Newly created machine from Science News on Vimeo.

On Maxwell's Demon - The activity of Maxwell's demon can be modeled by a trapdoor in a partition between two regions full of gas at the same pressure and temperature. The trapdoor needs to be restrained by a light spring to ensure that it is closed unless it is struck by molecules traveling from the left (see illustration). Its hinging is such that molecules traveling from the right cannot open it. The essential point of Maxwell's vision was that molecules striking the trapdoor from the left would be able to penetrate into the right-hand region but those present on the right would not be able to escape back into the left-hand region. Therefore, the initial equilibrium state of the two regions, that of equal pressures, would be slowly replaced by a state in which the two regions acquired different pressures as molecules accumulated in the right-hand region at the expense of the left-hand region. Only a slightly more elaborate mechanical arrangement is needed to change the apparatus to one in which the temperatures of the two regions move apart. In each case, the demonic trapdoor appears to be contriving a change that is contrary to the second law, for an implication of that law is that systems in either mechanical equilibrium (at the same pressure) or thermal equilibrium (at the same temperature) cannot spontaneously diverge from equilibrium.
Play Maxwell's Demon (will drive you nuts)

06/28/10 - Bang goes the theory: How physicists lost touch with reality
The greatest advances in physics have come when theory has moved in near-lockstep with experiment. Sometimes the theory has come first and sometimes it's the other way around. It was an experiment in 1887 by Albert Michelson and Edward Morley – showing that the speed of light is not dependant on the motion of the observer – that influenced Einstein's 1905 formulation of the special theory of relativity. A decade later, Einstein produced the general theory of relativity, but it was only after experiments in 1919 verified a fascinating implication of general relativity – the bending of starlight by the sun's gravity – that the theory gained widespread acceptance. And throughout the early to mid-1900s, theorists and experimentalists jostled and outdid each other as they shaped quantum mechanics. An equally fruitful collaboration occurred in the 1960s and 1970s, when particle physicists theorised about the fundamental particles and forces that make up the material world, and experiments confirmed their startlingly accurate predictions. But this energetic interplay is now deadlocked. The discovery of dark energy and dark matter, along with the failure, so far, of experiments to find the Higgs boson (thought to give elementary particles their mass), has allowed theorists free rein. Ideas abound, adrift in a sea of speculation. Can the next generation of experiments help anchor the theories to reality? - Full Article Source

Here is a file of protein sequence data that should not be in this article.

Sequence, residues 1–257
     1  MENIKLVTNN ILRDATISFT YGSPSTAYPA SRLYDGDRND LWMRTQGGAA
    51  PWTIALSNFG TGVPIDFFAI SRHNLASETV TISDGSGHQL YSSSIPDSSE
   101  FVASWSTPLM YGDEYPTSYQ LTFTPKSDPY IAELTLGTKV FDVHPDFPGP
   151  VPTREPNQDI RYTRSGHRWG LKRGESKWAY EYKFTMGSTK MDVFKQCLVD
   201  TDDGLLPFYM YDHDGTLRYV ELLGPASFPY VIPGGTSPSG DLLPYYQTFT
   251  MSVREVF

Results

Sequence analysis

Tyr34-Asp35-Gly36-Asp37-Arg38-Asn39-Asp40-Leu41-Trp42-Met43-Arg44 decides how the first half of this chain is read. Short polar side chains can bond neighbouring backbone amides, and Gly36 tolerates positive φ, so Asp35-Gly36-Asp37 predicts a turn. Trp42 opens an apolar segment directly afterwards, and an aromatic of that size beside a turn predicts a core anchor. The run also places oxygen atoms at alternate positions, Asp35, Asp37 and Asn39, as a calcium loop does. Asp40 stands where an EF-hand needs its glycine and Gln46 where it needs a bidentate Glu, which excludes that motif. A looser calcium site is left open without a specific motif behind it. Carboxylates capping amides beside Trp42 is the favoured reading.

06/28/10 - Doomsayers Beware, a Bright Future Beckons
Long before “sustainable” became a buzzword, intellectuals wondered how long industrial society could survive. In “The Idea of Decline in Western History,” after surveying predictions from the mid-19th century until today, the historian Arthur Herman identifies two consistently dominant schools of thought. Rulers like to take credit for the advances during their reigns, and scientists like to see their theories as the source of technological progress. But Dr. Ridley argues that they’ve both got it backward: traders’ wealth builds empires, and entrepreneurial tinkerers are more likely to inspire scientists than vice versa. From Stone Age seashells to the steam engine to the personal computer, innovation has mostly been a bottom-up process. “Forget wars, religions, famines and poems for the moment,” Dr. Ridley writes. “This is history’s greatest theme: the metastasis of exchange, specialization and the invention it has called forth, the ‘creation’ of time.” With new hubs of innovation emerging elsewhere, and with ideas spreading faster than ever on the Internet, Dr. Ridley expects bottom-up innovators to prevail. His prediction for the rest of the century: “Prosperity spreads, technology progresses, poverty declines, disease retreats, fecundity falls, happiness increases, violence atrophies, freedom grows, knowledge flourishes, the environment improves and wilderness expands.” - Full Article Source

06/28/10 - Why crossing your fingers works … if you're lucky
A study from Psychological Science showed that being superstitious improves performance in a whole string of different tasks. As predicted, those who were told someone was keeping their fingers crossed for them finished the task significantly faster. Then things got more interesting, as the researchers tried to unpick why this was happening. They took 41 students who had a lucky charm, and asked them to bring it to the session. It was either kept in the room or taken out to be "photographed". Then they were told about the memory task they were due to perform, and asked questions about how confident they felt. The ones with their lucky charm in the room performed better in the memory game than those without and also reported higher levels of "self-efficacy", which was correlated with performance. Finally, they probed these mechanisms even further. Thirty-one students were asked to bring their lucky charm; it was either taken away or not, and they were given an anagram task. Before starting, they were asked to set a goal: what percentage of all the hidden words did they think they could find? Then they began: as expected, participants who had their lucky charm in the room performed better and reported a higher degree of "self-efficacy" as before. But, more than that, they set higher goals and persisted longer in working on the anagram task. - Full Article Source